Nigeria Says It Struck A Cease-Fire With Boko Haram, But Are They Talking To The Right Guy?

A man poses with a sign in front of police officers in riot gear during a demonstration calling on the government to rescue t
A man poses with a sign in front of police officers in riot gear during a demonstration calling on the government to rescue the kidnapped girls of the government secondary school in Chibok, in Abuja, Nigeria, Tuesday, Oct. 14, 2014. Scores of protesters marched chanting "Bring Back Our Girls" kidnapped six months ago by Boko Haram. (AP Photo/Olamikan Gbemiga)

Nigeria says it has struck a cease-fire deal with Boko Haram, raising hopes that over 200 schoolgirls who were kidnapped by the militant group will be released. But mystery continues to surround the identity of the interlocutor on the other side of the negotiations.

Nigerian officials said the deal was reached in Chad on Friday in talks with a Saudi Arabia-based Boko Haram representative named Danladi Ahmadu.

The name took many by surprise, including people who have been involved in previous negotiations with Boko Haram. “I have failed to find anyone who has ever heard of him,” BBC’s Nigeria correspondent wrote. “We've tried verifying the authenticity of the person from sources traditionally close to Boko Haram militants and we are getting negative feedback,” the editors of Nigerian news site Sahara Reporters told The WorldPost by email.

Ahmad Salkida, a Nigerian journalist who is considered close to Boko Haram's leaders, said he does not believe Ahmadu is part of the group’s leadership or that he speaks for the group. “I challenge Danladi Ahmadu to an open debate if he has d [sic] interest of Nigeria at heart. Who is he?" Salkida wrote on Twitter.

But Mike Omeri, the Nigerian government's spokesperson on the Boko Haram insurgency, told The WorldPost Saturday that the government is confident it has been negotiating with the right guy.

“These talks did not just happen one sunny morning ... They approached the president of Chad, and if he wasn’t confident [of Ahmadu’s identity] he wouldn’t have connected him with the president of Nigeria,” Omeri said. "The fact that this contact comes from Nigeria’s neighbor gives us confidence."

Chad has confirmed it is acting as a mediator in the talks to free the girls, who were kidnapped in the Nigerian village of Chibok in April. Since Nigerian President Goodluck Jonathan visited Chad last month, rumors have grown that Nigeria's government was quietly negotiating the girls' release via its neighbor. It was not immediately clear how long the talks have been taking place.

Boko Haram's leadership has not commented on the cease-fire. Meanwhile, Ahmadu himself has purportedly made at least two statements in recent days. On Friday, he gave an interview with Voice of America’s Hausa-language service in which he didn’t mention the kidnapped schoolgirls and was vague on the details of the cease-fire, Agence France-Presse reported. The news agency also noted that Ahmadu referred to the militant group as Boko Haram, a name used by outsiders but not by the insurgents themselves.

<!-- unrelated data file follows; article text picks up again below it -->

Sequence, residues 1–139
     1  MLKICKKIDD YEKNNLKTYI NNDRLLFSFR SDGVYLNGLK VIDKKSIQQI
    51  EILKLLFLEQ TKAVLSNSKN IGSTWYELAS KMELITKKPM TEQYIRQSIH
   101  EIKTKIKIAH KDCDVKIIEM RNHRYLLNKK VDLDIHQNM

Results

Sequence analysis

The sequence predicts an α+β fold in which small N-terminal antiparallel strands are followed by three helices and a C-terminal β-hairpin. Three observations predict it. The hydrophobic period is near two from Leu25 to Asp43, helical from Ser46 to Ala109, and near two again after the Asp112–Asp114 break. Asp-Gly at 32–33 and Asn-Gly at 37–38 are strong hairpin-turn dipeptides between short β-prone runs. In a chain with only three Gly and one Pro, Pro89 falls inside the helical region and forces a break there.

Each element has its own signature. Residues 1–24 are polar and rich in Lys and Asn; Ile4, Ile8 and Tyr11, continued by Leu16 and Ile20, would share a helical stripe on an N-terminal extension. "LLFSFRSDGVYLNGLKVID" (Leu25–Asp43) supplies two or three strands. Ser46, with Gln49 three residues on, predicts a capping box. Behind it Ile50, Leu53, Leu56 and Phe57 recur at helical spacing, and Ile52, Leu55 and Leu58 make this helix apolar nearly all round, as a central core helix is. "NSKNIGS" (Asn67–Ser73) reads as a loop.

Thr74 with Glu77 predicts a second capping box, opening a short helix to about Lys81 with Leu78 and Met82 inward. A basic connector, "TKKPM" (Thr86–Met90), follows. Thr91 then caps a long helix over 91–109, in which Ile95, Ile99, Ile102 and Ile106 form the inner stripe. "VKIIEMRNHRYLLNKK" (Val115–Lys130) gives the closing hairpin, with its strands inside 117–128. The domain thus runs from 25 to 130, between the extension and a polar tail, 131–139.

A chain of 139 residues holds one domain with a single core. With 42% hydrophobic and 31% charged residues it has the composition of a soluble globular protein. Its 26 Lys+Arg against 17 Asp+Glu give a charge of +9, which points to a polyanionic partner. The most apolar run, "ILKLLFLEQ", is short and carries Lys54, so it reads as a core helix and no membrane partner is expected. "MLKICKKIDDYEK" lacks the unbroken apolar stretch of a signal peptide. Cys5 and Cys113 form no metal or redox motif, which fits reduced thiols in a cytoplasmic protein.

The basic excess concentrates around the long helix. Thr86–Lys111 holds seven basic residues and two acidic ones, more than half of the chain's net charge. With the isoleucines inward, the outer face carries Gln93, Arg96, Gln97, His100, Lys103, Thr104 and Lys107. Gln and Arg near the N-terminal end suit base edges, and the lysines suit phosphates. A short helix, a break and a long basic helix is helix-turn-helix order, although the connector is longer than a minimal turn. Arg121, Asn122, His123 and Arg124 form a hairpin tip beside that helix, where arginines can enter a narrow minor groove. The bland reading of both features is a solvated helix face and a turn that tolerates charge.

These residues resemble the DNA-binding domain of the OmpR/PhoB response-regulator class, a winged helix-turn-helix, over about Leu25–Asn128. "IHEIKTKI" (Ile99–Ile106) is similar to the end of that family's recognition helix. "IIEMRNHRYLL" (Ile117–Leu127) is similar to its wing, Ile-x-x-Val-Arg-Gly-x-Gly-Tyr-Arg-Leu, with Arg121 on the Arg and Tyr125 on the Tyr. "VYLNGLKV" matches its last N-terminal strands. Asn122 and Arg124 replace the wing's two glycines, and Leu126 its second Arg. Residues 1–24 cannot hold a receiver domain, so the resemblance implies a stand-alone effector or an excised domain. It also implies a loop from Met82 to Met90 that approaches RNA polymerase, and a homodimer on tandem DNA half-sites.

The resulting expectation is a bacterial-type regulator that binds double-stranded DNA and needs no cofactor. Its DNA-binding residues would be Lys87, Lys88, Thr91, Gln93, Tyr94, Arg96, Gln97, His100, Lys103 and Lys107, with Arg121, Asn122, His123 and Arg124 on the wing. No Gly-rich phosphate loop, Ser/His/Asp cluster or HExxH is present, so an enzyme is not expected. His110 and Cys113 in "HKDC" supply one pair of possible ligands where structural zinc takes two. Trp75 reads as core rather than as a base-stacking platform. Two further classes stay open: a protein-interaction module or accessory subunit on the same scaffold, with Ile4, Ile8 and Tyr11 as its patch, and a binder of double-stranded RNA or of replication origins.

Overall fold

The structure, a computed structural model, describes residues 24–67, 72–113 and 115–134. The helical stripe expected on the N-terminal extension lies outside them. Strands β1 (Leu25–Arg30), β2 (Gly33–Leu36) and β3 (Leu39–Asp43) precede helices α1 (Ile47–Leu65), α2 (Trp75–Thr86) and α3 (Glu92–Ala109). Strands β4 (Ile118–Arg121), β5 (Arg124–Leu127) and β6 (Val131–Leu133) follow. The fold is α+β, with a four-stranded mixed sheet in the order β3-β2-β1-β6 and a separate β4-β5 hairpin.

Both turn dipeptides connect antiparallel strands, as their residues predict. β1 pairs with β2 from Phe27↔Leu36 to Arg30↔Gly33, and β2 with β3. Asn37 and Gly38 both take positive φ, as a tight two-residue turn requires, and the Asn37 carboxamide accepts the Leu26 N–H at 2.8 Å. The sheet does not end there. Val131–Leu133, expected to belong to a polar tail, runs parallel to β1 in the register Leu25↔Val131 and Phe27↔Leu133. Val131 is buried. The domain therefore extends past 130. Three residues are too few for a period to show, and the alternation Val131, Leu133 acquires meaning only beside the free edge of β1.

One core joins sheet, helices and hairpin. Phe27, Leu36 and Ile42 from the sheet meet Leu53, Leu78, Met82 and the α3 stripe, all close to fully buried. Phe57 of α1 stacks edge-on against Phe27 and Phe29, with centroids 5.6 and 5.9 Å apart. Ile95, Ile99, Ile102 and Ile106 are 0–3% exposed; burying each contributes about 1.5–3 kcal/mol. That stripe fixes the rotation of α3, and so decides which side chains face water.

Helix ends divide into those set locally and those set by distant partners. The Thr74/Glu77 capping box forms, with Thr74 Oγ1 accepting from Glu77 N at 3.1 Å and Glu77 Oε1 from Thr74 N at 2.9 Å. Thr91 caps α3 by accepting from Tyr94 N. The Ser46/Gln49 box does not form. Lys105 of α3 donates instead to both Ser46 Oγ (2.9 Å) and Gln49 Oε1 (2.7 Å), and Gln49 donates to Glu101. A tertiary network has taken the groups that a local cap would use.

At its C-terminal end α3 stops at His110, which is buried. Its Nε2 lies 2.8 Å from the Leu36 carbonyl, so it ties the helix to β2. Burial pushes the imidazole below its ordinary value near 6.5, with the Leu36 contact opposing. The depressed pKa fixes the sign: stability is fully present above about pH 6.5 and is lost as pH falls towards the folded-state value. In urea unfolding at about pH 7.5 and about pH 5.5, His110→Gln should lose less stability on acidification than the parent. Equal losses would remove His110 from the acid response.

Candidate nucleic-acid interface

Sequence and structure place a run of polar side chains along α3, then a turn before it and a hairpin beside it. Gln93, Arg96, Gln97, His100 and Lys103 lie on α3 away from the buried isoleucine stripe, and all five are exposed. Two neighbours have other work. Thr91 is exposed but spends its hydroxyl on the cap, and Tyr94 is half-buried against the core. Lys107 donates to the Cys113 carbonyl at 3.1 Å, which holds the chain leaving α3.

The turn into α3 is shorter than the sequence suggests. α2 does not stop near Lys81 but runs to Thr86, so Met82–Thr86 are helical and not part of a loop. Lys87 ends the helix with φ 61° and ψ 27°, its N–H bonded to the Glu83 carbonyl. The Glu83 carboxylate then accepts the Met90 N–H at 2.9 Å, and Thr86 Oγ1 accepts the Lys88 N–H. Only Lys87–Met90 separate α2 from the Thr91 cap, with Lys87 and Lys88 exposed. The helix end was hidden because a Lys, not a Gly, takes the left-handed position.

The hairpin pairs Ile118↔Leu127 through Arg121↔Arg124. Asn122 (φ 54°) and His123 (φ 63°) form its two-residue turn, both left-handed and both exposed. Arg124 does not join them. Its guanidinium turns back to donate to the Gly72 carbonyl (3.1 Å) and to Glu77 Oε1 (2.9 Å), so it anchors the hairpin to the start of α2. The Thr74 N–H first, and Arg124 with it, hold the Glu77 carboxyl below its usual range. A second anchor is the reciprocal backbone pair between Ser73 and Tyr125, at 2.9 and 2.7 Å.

On Saturday, Sahara Reporters said its correspondent in the northeastern Nigerian city of Maiduguri had obtained a CD recording of another statement by Ahamdu. This time, he was more precise.

“On the girls that we took from Chibok, all that we want before we free the girls is to get justice from the Nigerian state because there are many of our members that their business premises were destroyed, some killed and others in detention and many other oppression,” Ahmadu said, according to a translation from Hausa by Sahara Reporters. The news site’s editors said they remain skeptical about his identity.

As part of the deal, Omeri said, the talks taking place in Chad this week will address the release of the schoolgirls.

Omeri added that the militants are motivated by a wish to reintegrate into society. “They are working towards peace in order to have a chance for them to return to normal things -- for example, many have businesses, " he said.

Asked whether Nigeria would consider releasing captured Boko Haram militants in exchange for the girls, Omeri said “every asset" will be directed towards the girls' release. "Everything possible is being done until the day they are freed," he said.

"Boko Haram want peace, they are ready for it and intend to have it implemented," he added.

After the cease-fire was announced, suspected Boko Haram militants continued to attack communities in northeast Nigeria, leaving several dozen dead over the weekend.

But Omeri insisted that the violence would not deter the negotiations. He suggested that militants in remote areas may not have heard about the cease-fire, or that the attacks could have been perpetrated by criminal opportunists, rather than Boko Haram members.

Boko Haram is "deeply fractured," according to the risk consultancy Stratfor, quoted in Reuters Sunday. Nigeria's government had a "difficult time identifying a Boko Haram representative who could make compromises and guarantee the entire group will observe them," Stratfor said.

"It is quite possible that Abuja has reached an agreement with a legitimate representative of a specific cell ... that holds the kidnapped schoolgirls captive," the group added.

In the kidnapped girls’ hometown, the community hardly dared to hope that the girls might be finally returned. "We don't know how true it is until we prove it," said Bana Lawan, chairman of Chibok Local Government Area, told The Associated Press.